Frontier runners between art and science

By Silvy Chakkalakal
10 Nov 2015 | Johann Jacobs Museum

he films of Maya Deren—the Haiti material in particular—were strongly influenced by a cultural-anthropological milieu that emerged in New York after the First World War. Scholars in this circle including Margaret Mead, Gregory Bateson, Ruth Benedict, and others experimented with a wide variety of media and materials and did not shy away from the arts. Mead shot films, composed photo studies and curated exhibitions, but also wrote poetry.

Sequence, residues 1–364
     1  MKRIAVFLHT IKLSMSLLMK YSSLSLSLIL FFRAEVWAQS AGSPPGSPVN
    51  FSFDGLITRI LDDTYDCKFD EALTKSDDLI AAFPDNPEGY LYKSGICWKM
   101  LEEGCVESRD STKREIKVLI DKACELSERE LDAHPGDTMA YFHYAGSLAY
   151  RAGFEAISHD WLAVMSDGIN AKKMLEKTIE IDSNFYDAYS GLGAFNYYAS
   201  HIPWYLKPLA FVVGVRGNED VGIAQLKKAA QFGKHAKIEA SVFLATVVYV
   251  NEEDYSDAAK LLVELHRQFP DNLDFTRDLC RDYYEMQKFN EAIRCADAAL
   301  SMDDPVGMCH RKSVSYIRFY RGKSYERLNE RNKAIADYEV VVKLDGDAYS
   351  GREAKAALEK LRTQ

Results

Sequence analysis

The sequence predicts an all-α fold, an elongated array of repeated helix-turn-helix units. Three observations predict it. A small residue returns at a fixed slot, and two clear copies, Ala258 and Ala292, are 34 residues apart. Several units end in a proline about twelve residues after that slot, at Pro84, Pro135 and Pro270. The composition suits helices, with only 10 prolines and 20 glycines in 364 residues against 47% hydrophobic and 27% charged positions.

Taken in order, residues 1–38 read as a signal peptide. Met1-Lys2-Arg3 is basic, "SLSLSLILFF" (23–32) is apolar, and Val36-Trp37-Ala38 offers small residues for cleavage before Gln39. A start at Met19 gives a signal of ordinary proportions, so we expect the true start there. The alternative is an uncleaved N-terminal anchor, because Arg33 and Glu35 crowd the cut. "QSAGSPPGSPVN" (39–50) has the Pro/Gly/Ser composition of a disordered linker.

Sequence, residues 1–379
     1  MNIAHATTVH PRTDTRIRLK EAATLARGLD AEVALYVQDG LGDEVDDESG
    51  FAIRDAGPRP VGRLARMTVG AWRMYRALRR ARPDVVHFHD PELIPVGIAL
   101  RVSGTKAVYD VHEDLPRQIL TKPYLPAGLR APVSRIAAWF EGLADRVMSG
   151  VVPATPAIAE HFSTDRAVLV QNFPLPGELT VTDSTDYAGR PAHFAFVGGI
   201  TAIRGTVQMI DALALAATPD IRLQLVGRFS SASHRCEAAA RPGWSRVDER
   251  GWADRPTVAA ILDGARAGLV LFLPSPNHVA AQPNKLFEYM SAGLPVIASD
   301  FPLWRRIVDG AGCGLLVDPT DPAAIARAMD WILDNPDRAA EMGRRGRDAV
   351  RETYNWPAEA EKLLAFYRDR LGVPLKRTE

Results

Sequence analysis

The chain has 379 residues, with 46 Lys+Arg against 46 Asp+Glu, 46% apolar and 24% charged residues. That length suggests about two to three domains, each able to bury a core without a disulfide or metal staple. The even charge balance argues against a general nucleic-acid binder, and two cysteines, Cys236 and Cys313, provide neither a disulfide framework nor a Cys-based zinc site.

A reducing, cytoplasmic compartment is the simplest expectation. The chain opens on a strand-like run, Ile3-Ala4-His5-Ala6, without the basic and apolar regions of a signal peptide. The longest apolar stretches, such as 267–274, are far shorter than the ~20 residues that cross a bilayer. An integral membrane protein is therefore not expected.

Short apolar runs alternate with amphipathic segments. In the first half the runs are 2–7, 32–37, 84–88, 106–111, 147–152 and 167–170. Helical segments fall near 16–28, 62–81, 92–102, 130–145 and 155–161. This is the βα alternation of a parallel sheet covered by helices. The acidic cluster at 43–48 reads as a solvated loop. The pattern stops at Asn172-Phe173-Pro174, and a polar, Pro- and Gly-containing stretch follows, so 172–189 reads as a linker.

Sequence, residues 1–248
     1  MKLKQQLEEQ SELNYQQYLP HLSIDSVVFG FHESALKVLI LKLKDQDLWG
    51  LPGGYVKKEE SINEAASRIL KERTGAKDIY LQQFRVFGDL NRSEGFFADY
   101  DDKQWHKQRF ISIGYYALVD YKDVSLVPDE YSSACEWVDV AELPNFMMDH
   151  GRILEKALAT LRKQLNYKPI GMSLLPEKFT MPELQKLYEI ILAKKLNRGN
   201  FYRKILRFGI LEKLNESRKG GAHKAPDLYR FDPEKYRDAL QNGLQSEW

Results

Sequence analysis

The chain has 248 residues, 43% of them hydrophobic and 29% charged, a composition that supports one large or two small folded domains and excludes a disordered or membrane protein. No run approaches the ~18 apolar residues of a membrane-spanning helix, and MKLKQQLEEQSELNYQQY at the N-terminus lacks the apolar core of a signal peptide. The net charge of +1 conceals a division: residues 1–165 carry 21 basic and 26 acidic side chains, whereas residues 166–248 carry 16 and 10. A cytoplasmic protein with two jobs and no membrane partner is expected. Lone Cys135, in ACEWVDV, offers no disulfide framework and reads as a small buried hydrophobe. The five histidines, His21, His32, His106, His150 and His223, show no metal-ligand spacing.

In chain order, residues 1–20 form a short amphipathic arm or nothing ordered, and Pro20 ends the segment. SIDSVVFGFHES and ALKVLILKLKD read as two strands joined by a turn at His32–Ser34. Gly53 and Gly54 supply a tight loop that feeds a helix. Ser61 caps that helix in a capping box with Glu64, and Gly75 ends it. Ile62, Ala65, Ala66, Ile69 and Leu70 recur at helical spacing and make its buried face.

Silvy Chakkalakal’s presentation on occasion of the exhibition The Haitian Rushes by Maya Deren sketches this cultural-anthropological milieu and its various connections to the Harlem Renaissance, to Greenwich Village bohemia, and to artist colonies such as the Pita Maha artists’ cooperative in Bali. In doing so, Chakkalakal turns her attention to the cultural counter-models scholars devised in the places where they conducted their research. “Foreign culture” as a place of longing, as another reality and as a foil for comparison became an ongoing theme in public debates about American society.


Dr. Silvy Chakkalakal currently works at the Seminar für Kulturwissenschaft und Europäische Ethnologie, University of Basel. She does research in Medical Anthropology, Historical Anthropology and Cultural Anthropology.